Susan Klein remembers when the possibilities of the rainbow came into full color in her mind. She was teaching a college art course on color theory, and she gave her students a question to contemplate — one that just popped into her mind.
"What would it look like to make a black rainbow?"
It was partially a joke but the question held some truth: A rainbow of color doesn't have to be the bright arc people typically envision. After the class, Klein answered her own question; she made what she conceived as the black rainbow.
"Instead of bright red, it's a dull maroon color," Klein says, "then a really dark orange. It's all the colors of the rainbow but dark. So it's not very colorful. It's a very sad looking rainbow. I thought it was funny."
That sense of irony followed Klein all the way to a new collaborative art exhibit opening at Redux this Friday. It's called, appropriately, The Rainbow Show. Klein and artists Adam Eddy and Joshua Lynn came together to fill Redux with this ubiquitous symbol of enthusiasm. To Klein, the use and, maybe, overuse of the rainbow provided her with a conceptual challenge in creating work that included ROY G BIV.
"We think of rainbow imagery as non-intellectual, kind of New Age-y imagery and [for] children's toys," she says. "'Is this OK for me to use this imagery that has these connotations?' Connotations of low art in popular culture. For me it's about giving myself permission in the studio to not be bound by any rules of what I should be doing."
The irony and humor of an artist utilizing the rainbow stuck with Klein as she created her work, but the cliche she once believed the color pattern represented melted away.
"There's a lot more to it than I thought because of the way people respond to pieces that use the rainbow in different ways," Klein says. "I think I learned that sometimes the ideas that seem the most obvious, the dumbest and the most generalized can actually be a smart idea that has staying power."
While Klein contemplated how to take a surrealist approach to one of Lisa Frank's motifs, Adam Eddy was also having a good time with the rainbow in his studio — "rainbows are fun," he says.
"Enjoying myself in the studio is hugely important to the creation of my work."
Instead of pulling out any old works and fitting them into the multi-colored theme, Eddy created a series of new art for the show. Working within the context of creating a collaborative exhibition that would be displayed in an art center made the work all the simpler for Eddy.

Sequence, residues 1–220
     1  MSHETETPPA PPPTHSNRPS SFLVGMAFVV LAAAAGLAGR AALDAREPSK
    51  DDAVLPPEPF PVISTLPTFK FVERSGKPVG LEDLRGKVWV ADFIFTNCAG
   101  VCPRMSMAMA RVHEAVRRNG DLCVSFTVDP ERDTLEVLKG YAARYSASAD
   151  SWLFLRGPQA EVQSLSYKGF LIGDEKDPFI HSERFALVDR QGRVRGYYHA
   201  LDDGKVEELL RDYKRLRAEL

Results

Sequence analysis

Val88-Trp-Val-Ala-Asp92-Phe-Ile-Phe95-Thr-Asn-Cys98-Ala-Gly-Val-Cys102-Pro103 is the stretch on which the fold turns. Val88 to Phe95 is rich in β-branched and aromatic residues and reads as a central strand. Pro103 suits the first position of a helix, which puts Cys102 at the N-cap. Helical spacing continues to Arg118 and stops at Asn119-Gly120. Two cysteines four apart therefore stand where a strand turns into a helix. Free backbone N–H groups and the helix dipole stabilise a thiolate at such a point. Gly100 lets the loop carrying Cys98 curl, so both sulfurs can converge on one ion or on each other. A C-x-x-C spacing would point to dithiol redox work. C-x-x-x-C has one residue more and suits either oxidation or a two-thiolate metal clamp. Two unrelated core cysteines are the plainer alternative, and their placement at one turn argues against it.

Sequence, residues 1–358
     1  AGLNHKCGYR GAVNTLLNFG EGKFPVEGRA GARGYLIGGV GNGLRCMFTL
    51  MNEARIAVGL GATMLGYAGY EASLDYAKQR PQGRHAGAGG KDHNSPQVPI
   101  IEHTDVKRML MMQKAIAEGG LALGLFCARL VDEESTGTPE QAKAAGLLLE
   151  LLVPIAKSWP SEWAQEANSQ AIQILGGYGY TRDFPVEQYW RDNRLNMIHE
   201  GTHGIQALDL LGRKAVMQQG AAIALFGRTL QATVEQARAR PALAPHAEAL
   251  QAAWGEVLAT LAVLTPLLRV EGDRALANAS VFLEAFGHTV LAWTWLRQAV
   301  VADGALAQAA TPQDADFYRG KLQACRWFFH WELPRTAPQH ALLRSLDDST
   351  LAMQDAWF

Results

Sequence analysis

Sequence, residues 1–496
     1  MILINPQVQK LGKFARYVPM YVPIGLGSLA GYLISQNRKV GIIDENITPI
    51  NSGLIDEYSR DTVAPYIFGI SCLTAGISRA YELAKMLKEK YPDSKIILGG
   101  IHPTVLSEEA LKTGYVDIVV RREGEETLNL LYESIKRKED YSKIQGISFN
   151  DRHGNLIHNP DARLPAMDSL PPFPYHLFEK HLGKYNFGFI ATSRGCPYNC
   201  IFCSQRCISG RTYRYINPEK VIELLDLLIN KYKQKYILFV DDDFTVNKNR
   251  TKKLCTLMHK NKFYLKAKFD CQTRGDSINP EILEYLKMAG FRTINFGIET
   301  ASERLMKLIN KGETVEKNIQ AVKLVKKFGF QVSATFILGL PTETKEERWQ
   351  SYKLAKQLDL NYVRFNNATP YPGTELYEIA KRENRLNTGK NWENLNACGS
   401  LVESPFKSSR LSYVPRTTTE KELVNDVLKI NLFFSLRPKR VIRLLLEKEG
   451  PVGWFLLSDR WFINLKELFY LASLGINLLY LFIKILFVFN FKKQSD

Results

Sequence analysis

"I love making work for exhibitions because I think of exhibitions as works of art or 'units' in and of themselves," he says.
One of his pieces, a wooden rope swing, is set to be completed by guests during the exhibit's run.
"[It] is a first for me," Eddy says about creating such a piece. "I'm interested in making the audience a key part of the work."
More than a shared symbol, Eddy and Klein each stumbled onto a reason that Kermit the Frog penned his renowned ode to the rainbow and why the metal singer Dio shouted out about the sadness of an unlit place holding the flight of hues captive. After a couple months painting canvas songs to this most famous of skyward color spectrums, both artists made a rainbow connection.
Klein noticed other artists using rainbow imagery, or tarot card depictions and astrology. They're related in her assessment.
"I think in political and economic times when people feel stressed or don't have control over what's happening in the world, they go towards the occult and these other ways to think about logic in the world when things seem especially illogical," Klein says.
Reflecting on that idea, Eddy sums up the rainbow pretty simply.
"Putting together this show made me realize people love rainbows because they're positive," he says. "I think we're all so fucking tired of the endless loop of negativity on the news and internet. Rainbows are a symbol of choosing to think positive thoughts. That's cool."